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Text Version   RSS   Subscribe   Unsubscribe   Archive   Media Kit September 10, 2015

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INDUSTRY NEWS

Narrow insurance networks — popular in NJ — extend to relatively few providers
NJ Spotlight
New Jersey was among the states with the largest share of health insurance plans that offered relatively little choice of doctors to individual consumers, according to a new research brief. Two of three New Jersey insurance networks that were studied included fewer than 25 percent of the doctors in the state, according to researchers with the University of Pennsylvania. Networks that extend to relatively few doctors are known as "narrow networks."
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More precise medical codes aim to track quality of care
New Jersey Herald
If things are a bit tense in your doctor's office come Oct. 1, some behind-the-scenes red tape could be to blame. That's the day when the nation's physicians and hospitals must start using a massive new coding system to describe your visit on insurance claims so they get paid.
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Hospital merger-mania continues in NJ
NJ.com
When it comes to hospitals, New Jersey executives believe bigger is better. Since January 2014, there have been eight mergers and acquisitions proposed, although most are still waiting for approval. The Attorney General and the state Health Department must deem them beneficial for the communities they serve before they are allowed to proceed.
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More precise medical codes aim to track quality of care
The Associated Press via New Jersey Herald
If things are a bit tense in your doctor's office come Oct. 1, some behind-the-scenes red tape could be to blame. That's the day when the nation's physicians and hospitals must start using a massive new coding system to describe your visit on insurance claims so they get paid. Today, U.S. health providers use a system of roughly 14,000 codes to designate a diagnosis, for reimbursement purposes and in medical databases. To get more precise, the updated system has about 68,000 codes, essentially an expanded dictionary to capture more of the details from a patient's chart.
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New Jersey docs are last in EHR use
MD Magazine
New Jersey's office-based physicians have been the slowest in the nation to switch to electronic health records, according to a new report from the Centers for Disease Control and Prevention. Electronic health records are a key component in national efforts to make healthcare more efficient — and to keep tabs on what procedures and therapies physicians are using in treating patients. They also generate the big data beloved by health experts, the pharma industry and insurers.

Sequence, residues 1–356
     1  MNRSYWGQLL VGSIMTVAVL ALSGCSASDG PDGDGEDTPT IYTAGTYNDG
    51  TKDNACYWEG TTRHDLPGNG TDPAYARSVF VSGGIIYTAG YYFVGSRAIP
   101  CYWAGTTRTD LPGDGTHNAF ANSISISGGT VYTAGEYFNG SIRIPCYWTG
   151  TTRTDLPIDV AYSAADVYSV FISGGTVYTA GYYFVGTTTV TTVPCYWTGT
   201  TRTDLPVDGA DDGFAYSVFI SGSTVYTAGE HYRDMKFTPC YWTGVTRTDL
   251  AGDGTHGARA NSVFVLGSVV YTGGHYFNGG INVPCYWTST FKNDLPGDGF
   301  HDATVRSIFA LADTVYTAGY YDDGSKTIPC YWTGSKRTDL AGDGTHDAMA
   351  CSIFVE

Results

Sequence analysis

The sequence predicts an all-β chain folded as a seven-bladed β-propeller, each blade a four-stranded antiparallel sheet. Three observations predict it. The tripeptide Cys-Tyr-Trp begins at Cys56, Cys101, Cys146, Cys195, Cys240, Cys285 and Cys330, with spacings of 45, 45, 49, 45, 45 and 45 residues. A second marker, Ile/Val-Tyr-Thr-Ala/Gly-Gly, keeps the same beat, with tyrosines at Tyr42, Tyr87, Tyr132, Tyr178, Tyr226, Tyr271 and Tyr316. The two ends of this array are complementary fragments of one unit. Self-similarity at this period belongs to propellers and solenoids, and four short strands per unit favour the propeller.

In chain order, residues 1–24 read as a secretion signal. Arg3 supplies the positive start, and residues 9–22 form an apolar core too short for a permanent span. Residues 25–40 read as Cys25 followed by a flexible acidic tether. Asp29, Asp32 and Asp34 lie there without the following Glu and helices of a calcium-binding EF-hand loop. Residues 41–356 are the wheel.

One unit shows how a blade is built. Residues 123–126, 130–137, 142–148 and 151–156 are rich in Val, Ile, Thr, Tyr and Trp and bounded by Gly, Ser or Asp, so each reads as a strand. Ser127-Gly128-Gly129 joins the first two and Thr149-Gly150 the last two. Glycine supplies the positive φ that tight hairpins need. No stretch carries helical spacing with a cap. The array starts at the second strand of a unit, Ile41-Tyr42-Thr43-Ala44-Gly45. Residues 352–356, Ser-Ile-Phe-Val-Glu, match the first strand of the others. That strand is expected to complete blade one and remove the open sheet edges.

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CVS Health expands its telehealth services for customers
By Scott E. Rupp
CVS Health recently announced that it will work with three "leading" telehealth companies to expand patients' access to doctors, who will be able to provide consultations remotely via the Internet or on the phone. As part of the deal, the three companies — American Well, Teladoc and Doctor On Demand — will soon begin receiving customers from CVS pharmacies in six states, and they will refer their own customers to 150 CVS walk-in clinics.
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NJ's approach to Medicaid ACOs is an experiment worth watching
Health Affairs
As the July issue of Health Affairs recognized, Medicaid has become a hotbed for healthcare transformation, with states increasingly turning to Accountable Care Organizations (ACOs) and medical homes to reduce costs and improve care delivery in their Medicaid programs. New Jersey joined the ranks in July by certifying three of six applicants for the New Jersey Medicaid Accountable Care Organization Demonstration Project — the Camden Coalition of Healthcare Providers, the Healthy Greater Newark ACO and the Trenton Health Team.
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NJ hospitals that can do a better job of safeguarding patients
NJ Spotlight
Washing hands. Giving patients the right medication. Having enough qualified nurses. Those are among the basic steps that hospitals and their workers can take to ensure that patients are as safe as possible. They're also areas in which some New Jersey hospitals have room to improve, according to conclusions drawn from data collected by the Leapfrog Group, a nonprofit dedicated to improving healthcare quality. The organization scored hospitals in eight areas it described as "steps to avoid harm." Those scores were then combined into an overall rating of 1 (the lowest) to 4 (the highest).
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Report: NJ owes $32 million for improperly billing Medicaid for home healthcare
NJ.com
The state improperly billed $32.2 million for home health services it could not document over a 3-1/2-year-period and should return the money to the federal government, according to a U.S. Office of Inspector General report. A random audit of 100 claims submitted from 2008 to 2011 found 17 to be in error because they did not contain proper documentation, according to the report. The deficiencies included nurses not making required visits, companies using untrained home health aides, and failing to maintain patient files.
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ACO incentives not enough to inspire change in compensation policies
Healio
Primary care physicians that worked in accountable care organization practices received higher compensation rates from quality, but not from salary or productivity, where rates were comparable with non-accountable care organization practices, according to recently published data.
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